Wednesday, June 29, 2016

Winter Is Coming

It was a tough week for England.

First, the UK voted to leave the European Union, a decision that has left many people scratching their heads as the British economy tanks and the pound continues to nosedive into free fall. “But we’ve taken our country back!” say the supporters of Brexit jubilantly. At least the ones without buyer’s remorse. It’s not clear what “taking our country back” means since the UK would be no more sovereign as non-member state than it is presently as member of the EU. And the promise made by supporters of Brexit, that the money going to the EU can instead go to national healthcare has been exposed as a lie. Some have suggested that breaking away from the EU will mean that the UK can better control its border though just how or why is unclear. The UK is not part of the Schengen Area, meaning the British government (not the EU) already has full control over the UK’s borders. Many have explained the vote as nothing less than the triumph of nativist, xenophobic, nationalist hysteria spread about by ambitious demagogues. Imagine that. Bewildered Americans should not be too smug.  

            Then things got even worse. England’s 2-1 loss to Iceland in the Round of 16 of the Euros is one of the biggest upsets in European soccer history. It's true that England has in recent years been a bit delusional about their soccer ambitions. And yes, anyone who watched the qualifying campaign and Group matches would have noticed that Iceland is for real and that England’s play has been a bit shaky. Still, for a traditional powerhouse like England to lose to a tiny island nation with a population half the size of Vermont is stunning. (Supposedly, 10% of all Icelanders are in France watching the tournament.) England hasn’t endured this kind of humiliation by Scandinavians since Torkfell the Tall sacked Canterbury in 1012.

Many Americans know Iceland only as the place where Game of Thrones films the scenes north of the Wall. (It's the primitive land of endless winter, where the White Walkers dwell, threatening to breach the Wall with an army of the dead. The scenery is beautiful and tourism in Iceland is booming.)  But the Brits have tussled with Iceland before. Beginning in the 1950s the UK and Iceland clashed over fishing rights in a series of confrontations known as the Cod Wars. It may have been the closest two NATO nations have ever come to a shooting war. The NATO-negotiated settlement largely favored Iceland. England’s fishing industry has been in decline ever since.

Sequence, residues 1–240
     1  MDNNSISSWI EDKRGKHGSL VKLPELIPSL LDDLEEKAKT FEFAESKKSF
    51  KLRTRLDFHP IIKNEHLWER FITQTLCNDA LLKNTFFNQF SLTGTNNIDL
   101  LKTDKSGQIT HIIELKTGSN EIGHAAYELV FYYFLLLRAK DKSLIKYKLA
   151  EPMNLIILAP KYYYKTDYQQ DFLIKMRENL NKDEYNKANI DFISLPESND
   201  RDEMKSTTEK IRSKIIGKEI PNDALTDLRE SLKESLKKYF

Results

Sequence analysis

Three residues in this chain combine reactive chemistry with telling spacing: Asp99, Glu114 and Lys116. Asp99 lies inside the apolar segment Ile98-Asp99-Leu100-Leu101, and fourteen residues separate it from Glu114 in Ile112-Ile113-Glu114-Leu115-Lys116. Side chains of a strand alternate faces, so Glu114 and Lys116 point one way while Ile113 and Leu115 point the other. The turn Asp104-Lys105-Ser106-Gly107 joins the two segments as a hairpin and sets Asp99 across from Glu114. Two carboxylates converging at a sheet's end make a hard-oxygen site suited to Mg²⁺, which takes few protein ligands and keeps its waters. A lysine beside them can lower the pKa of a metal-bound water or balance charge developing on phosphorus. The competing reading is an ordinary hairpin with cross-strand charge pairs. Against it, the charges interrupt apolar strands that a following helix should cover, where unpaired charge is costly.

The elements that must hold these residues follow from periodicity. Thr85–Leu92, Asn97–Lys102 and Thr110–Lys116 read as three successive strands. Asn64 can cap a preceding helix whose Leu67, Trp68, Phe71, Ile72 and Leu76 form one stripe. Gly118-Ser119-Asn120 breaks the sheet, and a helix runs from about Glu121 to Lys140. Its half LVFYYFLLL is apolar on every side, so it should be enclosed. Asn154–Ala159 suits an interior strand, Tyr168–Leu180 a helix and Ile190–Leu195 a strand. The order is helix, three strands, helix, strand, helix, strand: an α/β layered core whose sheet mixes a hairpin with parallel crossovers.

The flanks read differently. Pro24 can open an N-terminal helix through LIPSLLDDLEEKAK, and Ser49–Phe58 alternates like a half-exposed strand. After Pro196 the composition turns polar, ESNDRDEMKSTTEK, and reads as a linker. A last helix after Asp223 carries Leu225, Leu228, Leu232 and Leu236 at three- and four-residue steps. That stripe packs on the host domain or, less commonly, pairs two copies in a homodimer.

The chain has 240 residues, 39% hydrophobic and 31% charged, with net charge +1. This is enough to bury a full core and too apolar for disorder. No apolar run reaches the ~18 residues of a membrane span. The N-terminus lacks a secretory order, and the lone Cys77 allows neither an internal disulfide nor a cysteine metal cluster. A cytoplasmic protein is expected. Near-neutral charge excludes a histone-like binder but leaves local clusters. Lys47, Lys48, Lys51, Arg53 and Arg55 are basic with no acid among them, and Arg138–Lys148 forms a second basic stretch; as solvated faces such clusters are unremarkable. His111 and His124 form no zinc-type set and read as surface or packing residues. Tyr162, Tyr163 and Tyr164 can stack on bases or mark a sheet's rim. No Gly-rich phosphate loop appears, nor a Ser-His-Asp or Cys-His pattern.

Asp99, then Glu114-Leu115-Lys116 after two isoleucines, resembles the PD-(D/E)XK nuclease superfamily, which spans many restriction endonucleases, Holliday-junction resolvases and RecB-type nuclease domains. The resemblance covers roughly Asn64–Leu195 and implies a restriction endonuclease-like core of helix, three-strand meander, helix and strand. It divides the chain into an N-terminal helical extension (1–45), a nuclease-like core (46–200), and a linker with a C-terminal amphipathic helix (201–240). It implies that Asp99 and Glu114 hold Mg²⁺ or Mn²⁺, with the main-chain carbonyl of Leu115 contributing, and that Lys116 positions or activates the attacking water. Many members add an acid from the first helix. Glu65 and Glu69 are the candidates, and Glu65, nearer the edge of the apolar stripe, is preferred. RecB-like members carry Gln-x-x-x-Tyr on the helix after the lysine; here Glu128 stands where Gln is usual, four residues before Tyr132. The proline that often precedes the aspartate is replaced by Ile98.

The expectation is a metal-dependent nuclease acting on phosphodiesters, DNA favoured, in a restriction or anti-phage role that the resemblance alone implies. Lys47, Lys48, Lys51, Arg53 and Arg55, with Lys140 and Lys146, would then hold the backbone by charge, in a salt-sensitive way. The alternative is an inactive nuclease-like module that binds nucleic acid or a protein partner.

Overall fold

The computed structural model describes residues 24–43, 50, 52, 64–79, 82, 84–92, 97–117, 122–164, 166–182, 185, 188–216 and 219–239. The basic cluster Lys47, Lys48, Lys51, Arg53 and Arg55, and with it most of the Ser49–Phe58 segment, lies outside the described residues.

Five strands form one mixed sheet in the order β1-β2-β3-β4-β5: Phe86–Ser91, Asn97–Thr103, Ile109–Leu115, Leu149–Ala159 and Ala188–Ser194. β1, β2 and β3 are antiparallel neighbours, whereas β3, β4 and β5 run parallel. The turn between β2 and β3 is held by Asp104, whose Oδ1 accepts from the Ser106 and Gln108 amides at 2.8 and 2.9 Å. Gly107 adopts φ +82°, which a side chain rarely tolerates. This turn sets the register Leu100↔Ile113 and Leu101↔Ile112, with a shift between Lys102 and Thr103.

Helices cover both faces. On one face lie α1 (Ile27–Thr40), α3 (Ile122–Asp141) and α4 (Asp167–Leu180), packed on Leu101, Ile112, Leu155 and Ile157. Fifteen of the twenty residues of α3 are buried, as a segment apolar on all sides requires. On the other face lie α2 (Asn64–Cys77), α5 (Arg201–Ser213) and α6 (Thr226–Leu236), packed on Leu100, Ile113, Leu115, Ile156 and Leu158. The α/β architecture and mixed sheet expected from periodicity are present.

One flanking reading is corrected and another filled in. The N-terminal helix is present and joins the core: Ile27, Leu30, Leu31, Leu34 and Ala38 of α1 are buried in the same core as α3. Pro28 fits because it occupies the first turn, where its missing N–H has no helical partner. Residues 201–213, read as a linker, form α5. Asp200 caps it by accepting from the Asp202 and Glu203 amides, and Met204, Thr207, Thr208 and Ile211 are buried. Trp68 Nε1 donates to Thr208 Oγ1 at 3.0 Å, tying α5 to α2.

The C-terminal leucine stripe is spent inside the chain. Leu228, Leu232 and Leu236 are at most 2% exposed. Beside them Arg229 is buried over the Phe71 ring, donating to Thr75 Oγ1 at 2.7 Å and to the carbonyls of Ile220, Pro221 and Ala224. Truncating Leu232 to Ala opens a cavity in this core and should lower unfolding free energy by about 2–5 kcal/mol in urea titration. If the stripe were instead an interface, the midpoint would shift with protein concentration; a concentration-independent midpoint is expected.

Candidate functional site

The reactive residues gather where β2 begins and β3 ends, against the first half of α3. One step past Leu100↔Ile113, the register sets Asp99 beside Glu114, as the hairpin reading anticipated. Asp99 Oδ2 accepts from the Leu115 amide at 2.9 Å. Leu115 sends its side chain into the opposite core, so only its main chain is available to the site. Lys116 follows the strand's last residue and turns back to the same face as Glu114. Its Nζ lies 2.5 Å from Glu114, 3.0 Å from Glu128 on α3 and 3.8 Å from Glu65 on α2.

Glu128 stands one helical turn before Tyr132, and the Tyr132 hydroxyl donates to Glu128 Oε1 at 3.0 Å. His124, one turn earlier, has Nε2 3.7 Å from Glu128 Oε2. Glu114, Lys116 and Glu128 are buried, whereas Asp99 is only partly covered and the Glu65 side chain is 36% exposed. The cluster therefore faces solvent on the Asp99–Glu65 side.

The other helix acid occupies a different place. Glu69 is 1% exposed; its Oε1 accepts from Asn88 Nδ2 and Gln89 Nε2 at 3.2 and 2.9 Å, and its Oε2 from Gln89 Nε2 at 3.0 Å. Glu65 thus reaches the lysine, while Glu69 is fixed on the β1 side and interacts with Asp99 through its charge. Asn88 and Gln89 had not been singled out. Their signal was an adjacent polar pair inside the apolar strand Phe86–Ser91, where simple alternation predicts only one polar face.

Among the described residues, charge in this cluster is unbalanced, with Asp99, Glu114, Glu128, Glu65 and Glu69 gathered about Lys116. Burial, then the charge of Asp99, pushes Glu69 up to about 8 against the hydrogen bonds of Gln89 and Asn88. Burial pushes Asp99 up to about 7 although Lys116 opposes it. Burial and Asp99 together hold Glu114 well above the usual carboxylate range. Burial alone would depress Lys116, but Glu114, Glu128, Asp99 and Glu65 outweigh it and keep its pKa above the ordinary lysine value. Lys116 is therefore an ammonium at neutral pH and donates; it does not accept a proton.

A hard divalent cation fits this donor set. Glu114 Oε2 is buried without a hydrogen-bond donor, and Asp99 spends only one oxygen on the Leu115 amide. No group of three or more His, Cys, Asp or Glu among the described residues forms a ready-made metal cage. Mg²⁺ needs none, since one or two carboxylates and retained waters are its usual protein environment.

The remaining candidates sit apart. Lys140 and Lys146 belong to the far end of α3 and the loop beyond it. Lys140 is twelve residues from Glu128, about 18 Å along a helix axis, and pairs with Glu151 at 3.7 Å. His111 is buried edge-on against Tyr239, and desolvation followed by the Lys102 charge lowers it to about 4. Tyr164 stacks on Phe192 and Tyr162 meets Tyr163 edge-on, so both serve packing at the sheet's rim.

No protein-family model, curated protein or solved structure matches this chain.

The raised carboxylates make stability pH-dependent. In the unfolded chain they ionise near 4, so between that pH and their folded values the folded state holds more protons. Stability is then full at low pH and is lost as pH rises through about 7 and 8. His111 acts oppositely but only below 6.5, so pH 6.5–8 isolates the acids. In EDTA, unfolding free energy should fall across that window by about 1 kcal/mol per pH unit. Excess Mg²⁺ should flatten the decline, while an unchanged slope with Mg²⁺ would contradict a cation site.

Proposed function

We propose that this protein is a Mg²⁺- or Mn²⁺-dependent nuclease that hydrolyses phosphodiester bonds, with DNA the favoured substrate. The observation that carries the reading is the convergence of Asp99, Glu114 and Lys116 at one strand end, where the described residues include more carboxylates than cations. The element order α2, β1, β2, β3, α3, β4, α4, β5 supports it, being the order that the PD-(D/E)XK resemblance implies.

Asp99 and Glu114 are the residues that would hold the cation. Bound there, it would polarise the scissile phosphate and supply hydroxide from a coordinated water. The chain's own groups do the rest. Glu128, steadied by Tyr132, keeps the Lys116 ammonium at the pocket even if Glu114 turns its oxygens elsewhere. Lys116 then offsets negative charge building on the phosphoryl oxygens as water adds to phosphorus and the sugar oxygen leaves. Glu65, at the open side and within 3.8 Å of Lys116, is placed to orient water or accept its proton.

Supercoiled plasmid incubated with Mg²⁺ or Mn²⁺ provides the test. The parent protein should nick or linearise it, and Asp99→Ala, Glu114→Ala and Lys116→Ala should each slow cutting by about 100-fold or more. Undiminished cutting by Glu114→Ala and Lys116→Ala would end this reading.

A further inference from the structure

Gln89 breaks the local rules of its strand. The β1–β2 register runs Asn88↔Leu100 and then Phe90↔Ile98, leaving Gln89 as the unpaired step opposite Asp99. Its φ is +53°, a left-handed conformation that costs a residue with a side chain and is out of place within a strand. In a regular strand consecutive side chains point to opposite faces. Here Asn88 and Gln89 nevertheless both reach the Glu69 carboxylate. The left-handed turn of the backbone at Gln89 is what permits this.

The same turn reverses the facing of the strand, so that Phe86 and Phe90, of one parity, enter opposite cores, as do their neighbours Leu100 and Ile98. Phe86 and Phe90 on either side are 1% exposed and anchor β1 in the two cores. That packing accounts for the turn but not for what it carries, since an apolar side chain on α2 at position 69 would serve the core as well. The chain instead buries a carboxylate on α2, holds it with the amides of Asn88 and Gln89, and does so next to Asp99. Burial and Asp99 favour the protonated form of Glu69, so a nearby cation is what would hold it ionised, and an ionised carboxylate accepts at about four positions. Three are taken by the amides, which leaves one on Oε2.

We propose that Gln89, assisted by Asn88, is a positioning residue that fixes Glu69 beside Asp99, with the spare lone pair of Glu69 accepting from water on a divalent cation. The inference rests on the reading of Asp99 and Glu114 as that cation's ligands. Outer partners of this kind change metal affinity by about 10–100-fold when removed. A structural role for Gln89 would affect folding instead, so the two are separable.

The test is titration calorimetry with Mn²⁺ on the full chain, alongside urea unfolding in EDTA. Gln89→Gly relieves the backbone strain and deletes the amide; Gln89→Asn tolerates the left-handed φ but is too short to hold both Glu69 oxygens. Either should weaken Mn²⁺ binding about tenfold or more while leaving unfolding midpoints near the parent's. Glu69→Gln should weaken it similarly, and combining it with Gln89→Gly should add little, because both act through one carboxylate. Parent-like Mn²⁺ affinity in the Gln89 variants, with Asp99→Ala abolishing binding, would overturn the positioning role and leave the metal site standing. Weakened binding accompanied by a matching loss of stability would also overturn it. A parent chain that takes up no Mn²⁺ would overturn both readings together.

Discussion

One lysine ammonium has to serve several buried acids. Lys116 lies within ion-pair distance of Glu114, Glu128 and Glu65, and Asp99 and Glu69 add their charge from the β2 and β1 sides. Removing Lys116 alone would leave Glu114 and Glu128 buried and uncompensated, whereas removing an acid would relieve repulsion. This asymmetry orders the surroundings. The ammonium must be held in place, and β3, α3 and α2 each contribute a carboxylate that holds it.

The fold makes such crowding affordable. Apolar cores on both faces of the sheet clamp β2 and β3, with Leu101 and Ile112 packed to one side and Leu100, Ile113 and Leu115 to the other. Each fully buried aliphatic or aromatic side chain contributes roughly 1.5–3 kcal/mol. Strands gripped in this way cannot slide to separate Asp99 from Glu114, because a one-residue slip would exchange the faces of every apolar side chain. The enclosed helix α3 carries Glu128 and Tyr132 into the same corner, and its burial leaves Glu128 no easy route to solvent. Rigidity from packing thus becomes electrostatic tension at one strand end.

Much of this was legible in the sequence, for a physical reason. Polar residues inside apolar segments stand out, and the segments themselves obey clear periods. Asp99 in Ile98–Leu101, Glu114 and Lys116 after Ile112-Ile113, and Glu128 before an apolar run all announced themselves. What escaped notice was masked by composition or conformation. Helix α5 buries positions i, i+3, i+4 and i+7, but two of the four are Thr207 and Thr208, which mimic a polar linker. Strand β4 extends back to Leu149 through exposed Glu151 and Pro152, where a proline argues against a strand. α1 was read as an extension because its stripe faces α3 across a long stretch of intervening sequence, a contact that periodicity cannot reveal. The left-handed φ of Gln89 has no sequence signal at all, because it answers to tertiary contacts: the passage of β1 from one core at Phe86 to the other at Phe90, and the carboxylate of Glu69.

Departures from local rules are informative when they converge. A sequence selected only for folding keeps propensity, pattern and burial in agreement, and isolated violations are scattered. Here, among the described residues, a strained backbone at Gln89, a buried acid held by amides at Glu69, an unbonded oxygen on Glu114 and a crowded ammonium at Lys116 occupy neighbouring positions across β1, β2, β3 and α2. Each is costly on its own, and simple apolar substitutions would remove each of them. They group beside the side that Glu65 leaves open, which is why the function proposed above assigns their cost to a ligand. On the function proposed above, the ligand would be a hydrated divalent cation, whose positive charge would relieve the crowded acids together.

And Iceland isn’t finished. On Sunday, Iceland plays France in the Quarterfinals in the Stade de France, just north of Paris. The stadium is less than two miles from the medieval Basilica of Saint Denis where France buried its kings for centuries. France is the host country of Euro 2016 and Les Blues, having come from behind to beat Ireland 2-1, will like their chances against Iceland. They should be wary. The French were also overconfident in 845 when Viking ships ran up the Seine and sacked Paris.

Take nothing for granted. 


Monday, March 14, 2016

Top 10 Myths About Donald Trump

“I play to people’s fantasies” - Donald Trump

“The truth is that men are tired of liberty” – Benito Mussolini

“Just remember  It’s not a lie…if you believe it”   - George Costanza 

Poor Donald Trump. The media and political establishment are being so unfair to him because he's politically incorrect and dares to challenge a corrupt establishment with new ideas, real leadership and bold vision. That's bullshit of course. And even though so much has already been said about Donald Trump, America's favorite con artist, demagogue and reality game show host, it's still quite astonishing how much nonsense is still out there.  

And so here are 10 myths about Donald Trump:

1.  Donald Trump was opposed to the Iraq War from the beginning.  

Donald Trump likes to tell people that he was opposed to the U.S. invasion of Iraq.  It's a line that serves two purposes.  It distinguishes him from the other Republican candidates (and from Hillary Clinton)  and it also gives the impression that he’s not just some dipshit celebrity but rather, someone capable of making sound judgments on foreign policy.  It’s also a lie. The Iraq war began on March 20, 2003 and had been the subject of lively public debate throughout the previous year. But during the run up to the war, when Trump appeared on the Howard Stern show, he was asked if he supported the Iraq war. “Yeah, I guess so,” said Trump.  His first statement that he was against the war was made in July of 2014 more than a year after the invasion.  A month earlier, in June of 2004, CNN announced that a major Gallup poll showed that 54% of Americans believed the invasion of Iraq was a mistake.  Got that?  One month after knowing that most Americans were against the war, Donald Trump took a moment from The Apprentice to say that he was against it too. How insightful!